Schaefer is a man of many hats

CANDID CLOSET

Candid Closet: The comptroller -- and former mayor and governor -- has loads of caps, T-shirts, ties and other garments stuffed into his three homes.

March 23, 2000|By Stephanie Shapiro | Stephanie Shapiro,SUN STAFF

Ever wonder what happened to Baltimore Mayor William Donald Schaefer's vintage bathing suit, famously worn with a straw boater and rubber ducky when the National Aquarium didn't open on time? If Schaefer paid a visit to Howard Street's A. T. Jones, he'd find his striped suit on display at the theatrical costume house that originally furnished it, together with a photo of the plunge heard 'round the world.

Schaefer, who, we all know, went on to become Maryland's governor and now comptroller, wouldn't mind having his own museum, where citizens could admire his odd lot of public service souvenirs. Goodness knows, he has enough stuff to stock it with -- untold T-shirts, caps and more than 200 ties, which a nice lady in Locust Point has volunteered to sew into a quilt.

"I'm a fashion plate as far as anyone can be. Jeezum Christmas!" says Schaefer, who now lives in the Chestnut Hill community of Anne Arundel County.

Schaefer still wears many hats. Currently, he is honorary chair of a gala to benefit Paul's Place Outreach Center, a program that serves low income families in the Pigtown/Washington Village neighborhoods of Southwest Baltimore. The dinner and auction, themed March Magic, takes place at 6: 30 p.m. on March 31 at the Grand Lodge in Hunt Valley. (Tickets are $100. Call 410-583-9095.)

When Candid Closet came calling, Schaefer, ever the showman, yanked his pants leg up to reveal a fine red scar, evidence of his recent knee replacement surgery. Yet another reason why Maryland's best-known living politician is still unstoppable at 78.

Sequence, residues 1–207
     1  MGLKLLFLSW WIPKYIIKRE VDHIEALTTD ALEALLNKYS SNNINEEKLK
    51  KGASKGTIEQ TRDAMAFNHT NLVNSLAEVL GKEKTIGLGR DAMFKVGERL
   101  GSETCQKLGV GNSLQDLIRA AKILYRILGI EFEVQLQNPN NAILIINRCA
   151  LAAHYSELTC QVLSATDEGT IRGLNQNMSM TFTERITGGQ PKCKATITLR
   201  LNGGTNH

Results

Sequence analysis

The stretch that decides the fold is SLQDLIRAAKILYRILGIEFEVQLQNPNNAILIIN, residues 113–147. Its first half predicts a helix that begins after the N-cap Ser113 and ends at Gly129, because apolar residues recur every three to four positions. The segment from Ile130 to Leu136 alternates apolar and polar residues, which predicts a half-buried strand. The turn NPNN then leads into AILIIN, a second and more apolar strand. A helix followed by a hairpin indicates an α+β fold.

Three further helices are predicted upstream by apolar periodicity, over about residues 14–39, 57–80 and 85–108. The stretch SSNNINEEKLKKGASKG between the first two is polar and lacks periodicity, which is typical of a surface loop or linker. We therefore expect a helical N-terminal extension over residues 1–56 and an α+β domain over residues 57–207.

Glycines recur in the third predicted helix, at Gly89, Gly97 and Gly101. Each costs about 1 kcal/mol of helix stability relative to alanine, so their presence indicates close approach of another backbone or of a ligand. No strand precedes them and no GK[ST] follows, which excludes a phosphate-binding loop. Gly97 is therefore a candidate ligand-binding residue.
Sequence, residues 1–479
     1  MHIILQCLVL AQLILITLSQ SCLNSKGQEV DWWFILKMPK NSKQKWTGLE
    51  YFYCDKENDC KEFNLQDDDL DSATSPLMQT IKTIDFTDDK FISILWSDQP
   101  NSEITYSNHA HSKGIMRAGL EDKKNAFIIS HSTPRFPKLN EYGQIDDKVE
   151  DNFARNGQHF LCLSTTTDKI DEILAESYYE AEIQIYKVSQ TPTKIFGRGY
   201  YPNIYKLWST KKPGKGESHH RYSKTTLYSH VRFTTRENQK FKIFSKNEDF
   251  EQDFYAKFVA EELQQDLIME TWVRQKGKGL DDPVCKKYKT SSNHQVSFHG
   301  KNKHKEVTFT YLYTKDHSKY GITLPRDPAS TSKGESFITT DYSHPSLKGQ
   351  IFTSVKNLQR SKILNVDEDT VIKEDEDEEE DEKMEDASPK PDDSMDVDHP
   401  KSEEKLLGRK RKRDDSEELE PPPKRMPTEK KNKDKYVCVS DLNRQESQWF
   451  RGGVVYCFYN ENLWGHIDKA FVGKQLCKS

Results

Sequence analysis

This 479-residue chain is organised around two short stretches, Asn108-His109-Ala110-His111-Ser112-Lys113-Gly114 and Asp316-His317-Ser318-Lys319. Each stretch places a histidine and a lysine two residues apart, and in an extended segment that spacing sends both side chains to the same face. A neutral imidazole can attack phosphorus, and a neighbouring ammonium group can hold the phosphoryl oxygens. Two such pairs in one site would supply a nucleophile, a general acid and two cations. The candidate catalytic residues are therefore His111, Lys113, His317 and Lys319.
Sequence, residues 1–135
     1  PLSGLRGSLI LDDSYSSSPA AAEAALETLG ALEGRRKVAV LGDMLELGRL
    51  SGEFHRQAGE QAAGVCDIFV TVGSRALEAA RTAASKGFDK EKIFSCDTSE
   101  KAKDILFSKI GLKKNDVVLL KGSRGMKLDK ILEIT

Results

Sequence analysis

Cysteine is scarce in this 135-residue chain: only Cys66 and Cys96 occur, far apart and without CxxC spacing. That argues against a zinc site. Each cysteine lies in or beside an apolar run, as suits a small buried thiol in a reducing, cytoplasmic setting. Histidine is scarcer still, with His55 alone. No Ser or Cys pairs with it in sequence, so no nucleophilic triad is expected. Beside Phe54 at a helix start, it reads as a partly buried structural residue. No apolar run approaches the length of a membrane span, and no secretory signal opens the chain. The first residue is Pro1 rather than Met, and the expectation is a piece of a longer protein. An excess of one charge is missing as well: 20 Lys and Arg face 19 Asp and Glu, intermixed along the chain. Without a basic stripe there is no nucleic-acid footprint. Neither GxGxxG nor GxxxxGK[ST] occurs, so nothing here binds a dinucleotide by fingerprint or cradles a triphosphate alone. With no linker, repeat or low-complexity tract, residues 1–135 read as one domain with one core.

What would you want to be wearing if you were a figure in a wax museum?

There isn't any question, that bathing suit and hat. That's the most famous picture of any taken of me. It was shown in India!

You were known for dressing up in costumes.

I used to love to do that. At first, people thought I had lost my mind. After a while, they came to expect it. I've been a cowboy, a policeman and a fireman.

Do you tend to your own wardrobe?

I buy my own clothing. And I put on a load of laundry before I left today, all my undies and all my socks. When I get to them tonight, they'll be semi-dry and I'll put them in the dryer. I don't fold them right, though.

Where do you shop?

Jos. Banks, principally, and Brooks Brothers when they're on sale.

What would you prefer, a new tie or a new African violet, which you cultivate?

Oh, my Lord, I couldn't make a choice.

Do you still wear brown suits?

Oh, God, I used to love them. I have only one now. Now, all the suits I wear are all very dark, black or very dark blue.

Do you wear shorts when you go to Ocean City?

I haven't worn shorts in 40 years. I've got a bunch. Maybe this summer, I could wear them when I go to my home in Montego Bay. I could do it now that they've straightened my leg out. I'd be half bow, half straight.

OK, Mr. Comptroller, boxers or briefs?

I wear boxers and sleeveless undershirts.

Where do you keep all your souvenir clothing?

I have box after box of T-shirts and all of my hats. My homes in Chestnut Hill and Baltimore and at Montego Bay are jammed full of stuff. I have two closets I can't put anything in anymore. I hang my suits in one bathroom on the curtain rod. I date them and I know how many times I've worn each one, and how many times I can wear it before it's going to the cleaners.

Do you know any snappy dressers? Let us know. Write to Stephanie Shapiro, The Sun, 501 N. Calvert St., Baltimore 21278.

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